## Why parents choose SplashLearn for their fourth graders?

#### Personalised Learning

Intelligently adapts to the way each child learns

#### Fun Rewards

Get coins for each correct answer and redeem coins for virtual pets

#### Actionable Reports

Monitor progress with iPhone app, weekly emails and detailed dashboards

1.

# Create Equivalent Fractions

- 4th Grade MathIn the third grade, children learned to identify equivalent fractions using visual models. In the 4th grade, they extend this understanding to formal methods, i.e., a/b is equivalent to (n x a) /(n x b). This equivalent fractions game focuses on identifying and generating fractions equivalent to a given fraction using the above method.

**What’s inside?**

- Fill in a missing numerator or denominator to make the fraction equivalent to a given fraction.

- Understand that equivalent fractions can be obtained by either multiplying or dividing both the numerator and denominator fractions with the same number.

- Create equivalent fractions to given fractions independently.

**Real-World Application**

When commenting on how many people turned in their science worksheets before the submission date, a teacher may use a fraction like 12/24 (12 out of 24). Or, she could also say that 1/2 of the students turned in the worksheets. The two fractions convey the same meaning and are equivalent.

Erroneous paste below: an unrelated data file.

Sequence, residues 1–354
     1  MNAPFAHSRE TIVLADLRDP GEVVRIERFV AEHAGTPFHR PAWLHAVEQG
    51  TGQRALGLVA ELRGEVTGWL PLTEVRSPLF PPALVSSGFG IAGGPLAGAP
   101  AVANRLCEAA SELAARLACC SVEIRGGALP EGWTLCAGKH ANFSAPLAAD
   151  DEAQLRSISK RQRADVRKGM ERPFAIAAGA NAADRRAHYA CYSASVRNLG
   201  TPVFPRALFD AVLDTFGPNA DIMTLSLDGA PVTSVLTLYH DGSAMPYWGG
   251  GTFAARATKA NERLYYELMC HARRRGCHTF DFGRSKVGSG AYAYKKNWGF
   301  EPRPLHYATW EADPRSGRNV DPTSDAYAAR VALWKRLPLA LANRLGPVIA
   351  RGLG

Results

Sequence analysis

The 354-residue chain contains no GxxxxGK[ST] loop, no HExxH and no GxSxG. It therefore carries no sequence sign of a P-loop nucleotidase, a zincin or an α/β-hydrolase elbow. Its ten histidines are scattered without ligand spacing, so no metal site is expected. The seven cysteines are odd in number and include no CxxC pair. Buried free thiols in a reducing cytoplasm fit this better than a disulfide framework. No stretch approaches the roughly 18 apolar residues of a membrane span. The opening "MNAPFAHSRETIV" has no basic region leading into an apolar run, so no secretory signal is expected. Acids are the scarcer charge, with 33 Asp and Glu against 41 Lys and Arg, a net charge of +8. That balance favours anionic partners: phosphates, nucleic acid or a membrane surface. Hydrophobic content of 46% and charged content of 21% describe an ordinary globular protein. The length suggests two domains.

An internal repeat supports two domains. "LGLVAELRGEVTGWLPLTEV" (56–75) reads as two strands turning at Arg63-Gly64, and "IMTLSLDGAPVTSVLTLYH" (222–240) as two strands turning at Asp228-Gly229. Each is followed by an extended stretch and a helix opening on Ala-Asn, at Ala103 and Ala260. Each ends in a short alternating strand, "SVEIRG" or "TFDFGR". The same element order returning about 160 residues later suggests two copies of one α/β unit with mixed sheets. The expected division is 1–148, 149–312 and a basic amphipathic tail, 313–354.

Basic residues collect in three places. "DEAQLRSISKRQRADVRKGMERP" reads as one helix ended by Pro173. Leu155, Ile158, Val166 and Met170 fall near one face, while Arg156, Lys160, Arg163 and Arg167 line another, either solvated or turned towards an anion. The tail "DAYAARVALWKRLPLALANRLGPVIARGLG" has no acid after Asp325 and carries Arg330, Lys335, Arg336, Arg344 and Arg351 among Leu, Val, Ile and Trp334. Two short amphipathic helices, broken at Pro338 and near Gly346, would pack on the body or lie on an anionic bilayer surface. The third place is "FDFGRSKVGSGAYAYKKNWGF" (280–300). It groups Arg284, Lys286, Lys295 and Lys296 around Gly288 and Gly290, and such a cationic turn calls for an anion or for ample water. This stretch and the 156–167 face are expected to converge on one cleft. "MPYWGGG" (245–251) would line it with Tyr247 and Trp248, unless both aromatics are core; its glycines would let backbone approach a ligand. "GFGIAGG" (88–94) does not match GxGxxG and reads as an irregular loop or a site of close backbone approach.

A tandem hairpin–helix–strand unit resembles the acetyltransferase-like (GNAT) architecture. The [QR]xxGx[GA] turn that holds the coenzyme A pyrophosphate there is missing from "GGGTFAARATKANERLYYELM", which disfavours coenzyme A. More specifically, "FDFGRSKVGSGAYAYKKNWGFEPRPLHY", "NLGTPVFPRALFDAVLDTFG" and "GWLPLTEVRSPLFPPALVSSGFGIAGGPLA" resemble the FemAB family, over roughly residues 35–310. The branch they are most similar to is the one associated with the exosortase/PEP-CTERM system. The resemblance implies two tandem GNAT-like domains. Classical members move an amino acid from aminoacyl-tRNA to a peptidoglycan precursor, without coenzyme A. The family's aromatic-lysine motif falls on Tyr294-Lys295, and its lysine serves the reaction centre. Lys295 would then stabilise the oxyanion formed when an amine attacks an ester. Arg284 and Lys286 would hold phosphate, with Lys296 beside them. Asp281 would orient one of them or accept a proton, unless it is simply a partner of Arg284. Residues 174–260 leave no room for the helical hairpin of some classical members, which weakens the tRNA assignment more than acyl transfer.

**What’s next?**

The next skill that children pick up after mastering equivalent fractions is comparing fractions. Applying their understanding of equivalent fractions, they can now compare the magnitude of fractions with 1 and 1/2.

#### Cool Fact

To check if two fractions are equivalent or not, multiply the numerator of the first fraction with the denominator of the second and the numerator of the second with the denominator of the first. Is the product same? If yes, you have equivalent fractions.

### Common Core Alignment

**4.NF.1**Explain why a fraction a/b is equivalent to a fraction (n × a)/(n × b) by using visual fraction models, with attention to how the number and size of the parts differ even though the two fractions themselves are the same size. Use this principle to recognize and generate equivalent fractions.